generating envy, hatred and social warfare. He was worried stiff
by the prospect of revolt. Addressing his well-heeled audience,
he concluded, ‘It’s unfair. So that’s what keeps me awake at night.’
One feels Johann’s pain.

On the other side of the Atlantic, in Seattle, venture capitalist
and fellow plutocrat Nick Hanauer, another who drew his first
fat cheques from a dynastic family business, albeit one making
feather bedding rather than cigarettes, was worrying about pitchforks
aimed in his direction and his ‘fellow 0.01ers’. In his dreams,
he feared the sans-culottes of the French Revolution, who sent
the aristocrats to the guillotine. 

To avert the threat, he advocated higher minimum wage, a desirable move but hardly one that
would threaten the structures producing the malaise of inequality
and insecurity. But at least he recognised that revolt was justified.
Revolt takes many forms. Sometimes it stems from desperation;
there is nothing to lose. Sometimes it stems from a dying
moment, when the tide of history is drowning the losers, when
just standing up is an act of defiance.

The miners’ strike in Britain in 1984 was like that. It was resistance against loss of a way of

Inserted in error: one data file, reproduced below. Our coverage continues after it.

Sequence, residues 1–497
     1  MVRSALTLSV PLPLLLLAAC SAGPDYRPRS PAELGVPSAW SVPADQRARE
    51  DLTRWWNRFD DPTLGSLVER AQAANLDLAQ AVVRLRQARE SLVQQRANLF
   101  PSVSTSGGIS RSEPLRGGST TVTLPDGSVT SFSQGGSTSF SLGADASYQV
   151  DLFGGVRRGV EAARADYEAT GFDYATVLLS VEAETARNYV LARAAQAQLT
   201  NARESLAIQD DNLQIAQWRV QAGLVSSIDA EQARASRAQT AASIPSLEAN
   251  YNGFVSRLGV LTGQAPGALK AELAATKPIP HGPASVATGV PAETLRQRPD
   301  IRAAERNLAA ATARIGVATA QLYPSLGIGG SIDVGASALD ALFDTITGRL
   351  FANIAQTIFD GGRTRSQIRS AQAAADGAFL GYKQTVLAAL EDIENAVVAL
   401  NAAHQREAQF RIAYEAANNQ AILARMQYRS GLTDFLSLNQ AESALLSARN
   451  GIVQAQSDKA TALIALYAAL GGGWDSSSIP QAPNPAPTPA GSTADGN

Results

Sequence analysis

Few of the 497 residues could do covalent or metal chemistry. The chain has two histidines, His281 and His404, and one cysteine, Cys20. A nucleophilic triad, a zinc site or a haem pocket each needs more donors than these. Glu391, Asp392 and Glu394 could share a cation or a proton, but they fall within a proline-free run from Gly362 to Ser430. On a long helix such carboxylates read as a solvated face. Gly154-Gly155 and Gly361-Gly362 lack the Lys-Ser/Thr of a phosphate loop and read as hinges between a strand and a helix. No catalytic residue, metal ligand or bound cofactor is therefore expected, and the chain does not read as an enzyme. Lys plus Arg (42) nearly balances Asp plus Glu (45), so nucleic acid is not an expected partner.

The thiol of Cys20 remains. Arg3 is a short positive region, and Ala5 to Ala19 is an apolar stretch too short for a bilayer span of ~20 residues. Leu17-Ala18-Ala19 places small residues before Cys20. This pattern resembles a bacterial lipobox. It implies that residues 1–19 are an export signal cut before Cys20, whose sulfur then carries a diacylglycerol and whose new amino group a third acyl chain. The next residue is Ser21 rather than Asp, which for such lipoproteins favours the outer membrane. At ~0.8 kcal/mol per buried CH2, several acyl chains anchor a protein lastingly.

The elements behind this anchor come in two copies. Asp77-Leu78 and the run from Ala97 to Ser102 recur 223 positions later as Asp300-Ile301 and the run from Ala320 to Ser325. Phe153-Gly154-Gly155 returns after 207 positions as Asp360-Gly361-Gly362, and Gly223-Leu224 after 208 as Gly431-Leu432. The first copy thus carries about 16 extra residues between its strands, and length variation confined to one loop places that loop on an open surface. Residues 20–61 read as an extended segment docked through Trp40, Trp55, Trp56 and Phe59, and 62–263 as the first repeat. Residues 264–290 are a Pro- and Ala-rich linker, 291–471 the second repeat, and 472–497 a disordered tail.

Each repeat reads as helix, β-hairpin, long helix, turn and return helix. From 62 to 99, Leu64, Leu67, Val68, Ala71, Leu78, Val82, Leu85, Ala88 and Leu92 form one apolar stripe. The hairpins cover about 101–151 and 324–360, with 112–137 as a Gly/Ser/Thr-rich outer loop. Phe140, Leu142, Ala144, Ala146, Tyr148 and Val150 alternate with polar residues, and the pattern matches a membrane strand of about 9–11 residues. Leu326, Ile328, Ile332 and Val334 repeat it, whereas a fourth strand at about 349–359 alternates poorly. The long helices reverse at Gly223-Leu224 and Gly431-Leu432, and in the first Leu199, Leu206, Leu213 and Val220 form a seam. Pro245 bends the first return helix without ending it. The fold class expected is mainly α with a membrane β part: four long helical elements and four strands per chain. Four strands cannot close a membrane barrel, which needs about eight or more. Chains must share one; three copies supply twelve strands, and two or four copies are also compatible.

labouring that had turned adversity into a community of shared
identity. Similarly, the Luddites of the early nineteenth century
were resisting disruption to a way of life that weavers had forged
over generations as a means of dignifying their community.
Sometimes, though, revolt is more strategic, directed to an end
largely understood by those taking part, or by enough of those
leading it to give it coherence and sustainable strength. These are
the revolts of those wanting to accelerate change and steer it in
new directions.

The anger of injustice is combined with a belief that something
better can be achieved. In such times throughout history, a collective
energy comes from the shared anxieties of people who
feel common pressures and a common resentment towards those
taking the pickings of society while they are left behind, losing
rights they had come to expect. In such circumstances, revolt is
against the minority who are gaining from social structures that
are anything but natural.

The theme of this book is that conditions have been created in
which some sort of revolt is increasingly likely. It will conclude by
considering what that might look like and who might be its leaders.
Before doing so, the nature of the problem and the scale of
the challenge must be understood.